Islamic religious leaders in the Xinjiang Uygur autonomous region are also victims of extremism and terrorism with several Uygur religious leaders being murdered or receiving threats, the regional Islamic association said, adding that religious extremists who choose to kill the innocent to achieve their goals are the greatest threat to Islam.
The spread of extremism and terrorism in Xinjiang once led to frequent terrorist attacks in the region. A large number of people, including Uygurs and several Islamic religious leaders, were killed in violent attacks, the Xinjiang Islamic Association said in a statement on Thursday after the so-called Uygur Human Rights Policy Act of 2019 was approved by the United States House of Representatives on Tuesday.
Juma Tayier, 74, an imam at Id Kah Mosque in Kashgar, was killed by three people after he performed a routine sunrise prayer at the mosque on July 30, 2014.
According to court files, the three attackers belonged to a cell that practiced religious extremism. They watched videos of detailed terrorist activities and organized physical training sessions before killing Juma with an ax. They believed the imam was corrupting the true meaning of the Quran. The mastermind of the attack was only 18.
It was not the first time a religious leader from Id Kah, the largest mosque in China, was targeted by separatists or religious extremists.
On May 12, 1996, three people ambushed imam Aronghan Haji, 76, and his son after they left their house for morning prayers at the mosque. Aronghan was stabbed 21 times in the head, back and legs. Aronghan and his son were severely injured in the attack.
Religious extremists have betrayed the Muslim pursuit of peace, and they are the greatest threat to Islam and are despised by Muslims, said the association, adding that the murderous act distorted and discredited the human rights of Xinjiang's Muslims.
To strengthen control over people's thinking, religious extremist forces discourage people from learning the standard Chinese language and require people to follow rules they invented rather than the law. Their goal is to seek independence of the region and establish a theocratic regime, said Shewket Imin, chairman of the Standing Committee of the Xinjiang People's Congress, the regional legislature, in a signed article published in the official Xinjiang Daily on Thursday.
To prevent people who were once infected with extremist or terrorist thoughts from becoming religious extremists who ignore the law, sabotage social order and even kill innocent people, Xinjiang set up vocational training and education centers in accordance with law, Shewket said.
Subnur Memetmin, 23, said she first had contact with religious extremists when she was just 13. "At first, I was just curious about the heaven described by my neighbor where there is unlimited money to spend and I will have my own servants," said Subnur, who graduated from a center in southern Xinjiang's Yecheng county in October 2018.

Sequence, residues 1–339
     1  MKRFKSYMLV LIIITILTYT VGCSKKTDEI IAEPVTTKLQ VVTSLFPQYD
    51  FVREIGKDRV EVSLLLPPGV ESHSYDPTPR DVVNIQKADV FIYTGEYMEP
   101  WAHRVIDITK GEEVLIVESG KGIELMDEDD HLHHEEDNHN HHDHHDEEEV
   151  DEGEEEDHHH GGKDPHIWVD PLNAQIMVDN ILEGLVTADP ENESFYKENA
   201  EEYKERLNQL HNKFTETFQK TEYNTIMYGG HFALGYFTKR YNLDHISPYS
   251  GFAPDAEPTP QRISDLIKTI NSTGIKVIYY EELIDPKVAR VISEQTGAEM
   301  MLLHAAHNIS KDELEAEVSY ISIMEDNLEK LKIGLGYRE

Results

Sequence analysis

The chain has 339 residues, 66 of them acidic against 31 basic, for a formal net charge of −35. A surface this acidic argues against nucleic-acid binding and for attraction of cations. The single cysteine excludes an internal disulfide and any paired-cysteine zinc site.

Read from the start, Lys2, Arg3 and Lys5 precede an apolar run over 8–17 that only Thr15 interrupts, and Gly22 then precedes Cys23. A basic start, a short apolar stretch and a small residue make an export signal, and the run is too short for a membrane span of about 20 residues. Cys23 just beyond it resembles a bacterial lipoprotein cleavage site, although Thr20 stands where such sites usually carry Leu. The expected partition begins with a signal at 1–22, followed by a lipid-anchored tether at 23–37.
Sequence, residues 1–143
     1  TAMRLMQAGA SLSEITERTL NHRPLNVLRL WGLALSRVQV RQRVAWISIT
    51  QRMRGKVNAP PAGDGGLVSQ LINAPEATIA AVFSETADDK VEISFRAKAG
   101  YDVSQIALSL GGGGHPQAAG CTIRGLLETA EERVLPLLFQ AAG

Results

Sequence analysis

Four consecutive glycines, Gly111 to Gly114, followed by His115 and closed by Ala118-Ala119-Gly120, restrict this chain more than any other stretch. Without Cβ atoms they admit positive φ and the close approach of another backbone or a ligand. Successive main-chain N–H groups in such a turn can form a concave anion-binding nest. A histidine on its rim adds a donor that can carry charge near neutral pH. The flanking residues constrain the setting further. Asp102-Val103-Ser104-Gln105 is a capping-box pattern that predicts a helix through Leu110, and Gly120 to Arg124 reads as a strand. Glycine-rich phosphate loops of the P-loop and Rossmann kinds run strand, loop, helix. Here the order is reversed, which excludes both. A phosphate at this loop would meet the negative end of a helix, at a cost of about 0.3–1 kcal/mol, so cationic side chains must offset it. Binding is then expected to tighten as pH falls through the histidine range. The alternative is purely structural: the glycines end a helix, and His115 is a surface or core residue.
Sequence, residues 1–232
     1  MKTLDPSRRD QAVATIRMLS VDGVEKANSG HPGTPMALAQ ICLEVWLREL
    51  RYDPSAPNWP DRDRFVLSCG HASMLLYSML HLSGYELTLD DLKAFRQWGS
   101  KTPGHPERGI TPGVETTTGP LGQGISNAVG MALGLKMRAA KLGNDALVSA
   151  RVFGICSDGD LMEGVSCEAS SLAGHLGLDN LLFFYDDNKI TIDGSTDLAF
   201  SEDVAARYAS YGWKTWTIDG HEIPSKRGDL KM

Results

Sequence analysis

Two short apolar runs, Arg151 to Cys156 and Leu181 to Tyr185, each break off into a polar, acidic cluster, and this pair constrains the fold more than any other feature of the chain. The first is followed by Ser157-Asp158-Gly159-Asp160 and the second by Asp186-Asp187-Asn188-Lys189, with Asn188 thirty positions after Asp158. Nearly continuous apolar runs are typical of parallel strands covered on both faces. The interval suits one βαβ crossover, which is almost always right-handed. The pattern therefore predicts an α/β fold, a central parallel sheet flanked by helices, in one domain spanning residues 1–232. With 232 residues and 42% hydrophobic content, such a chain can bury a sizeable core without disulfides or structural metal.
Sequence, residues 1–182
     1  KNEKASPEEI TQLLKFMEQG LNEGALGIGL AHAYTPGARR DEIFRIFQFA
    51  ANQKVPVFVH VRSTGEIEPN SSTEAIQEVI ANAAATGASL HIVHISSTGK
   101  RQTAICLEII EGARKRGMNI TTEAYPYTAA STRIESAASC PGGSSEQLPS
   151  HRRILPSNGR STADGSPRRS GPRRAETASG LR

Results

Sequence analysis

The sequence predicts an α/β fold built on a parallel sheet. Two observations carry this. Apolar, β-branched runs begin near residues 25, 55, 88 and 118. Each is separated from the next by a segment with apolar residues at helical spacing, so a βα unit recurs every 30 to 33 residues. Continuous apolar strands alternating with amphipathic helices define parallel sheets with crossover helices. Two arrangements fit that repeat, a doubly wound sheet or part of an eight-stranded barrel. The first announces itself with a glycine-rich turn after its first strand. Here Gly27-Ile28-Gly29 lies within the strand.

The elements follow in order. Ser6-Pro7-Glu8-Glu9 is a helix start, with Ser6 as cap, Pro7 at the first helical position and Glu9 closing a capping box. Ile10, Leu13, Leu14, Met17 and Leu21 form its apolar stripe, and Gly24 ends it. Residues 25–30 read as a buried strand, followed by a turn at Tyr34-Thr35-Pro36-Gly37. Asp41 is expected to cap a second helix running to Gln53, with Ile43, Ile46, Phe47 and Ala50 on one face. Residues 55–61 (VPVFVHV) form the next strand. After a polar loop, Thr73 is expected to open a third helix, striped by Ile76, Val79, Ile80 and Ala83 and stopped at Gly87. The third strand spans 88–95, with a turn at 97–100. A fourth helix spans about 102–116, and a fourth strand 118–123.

After being told that she could enter heaven by killing "nonbelievers", she started to aggressively search online at the age of 16 for information on making explosives and how to avoid being caught by public security forces.
Also, Subnur strictly followed the extremists' rules. "I refused to buy anything made by Han Chinese. Also, I saw those who carried out terrorist attacks as heroes and hoped I could be one of them one day," she said.
Abudulrekep Tumniaz, head of the Xinjiang Islamic Institute, said on Thursday that those who are influenced by religious extremism are people who are lost and not necessarily evil. There are 10 Islamic institutes around the region with 1,100 students who provide better, non-radicalized religious services to more than 10 million Muslims in the region.
The vocational centers have played a key role in helping people realize their mistakes and preparing them for a better life. They are not "concentration camps" that "imprison a large number of Uygur Muslims" as they are portrayed in the US act, said Abudulrekep, who has visited many centers.
Religious extremism has nothing to do with Islam. It twists Islamic doctrines and endangers social stability. The extremists are the enemies of the Xinjiang people including Muslims, Abudulrekep added.
The region has always ensured that Muslims' needs for religious activities can be fully satisfied. The number of mosques has grown to 24,000 from just 2,000 since the 1980s. The government has also funded renovation projects of mosques in the regional capital of Urumqi and in the cities of Yining and Hotan in recent years, Arken Tuniaz, vice-chairman of the region, said in a signed article published in Xinjiang Daily on Thursday.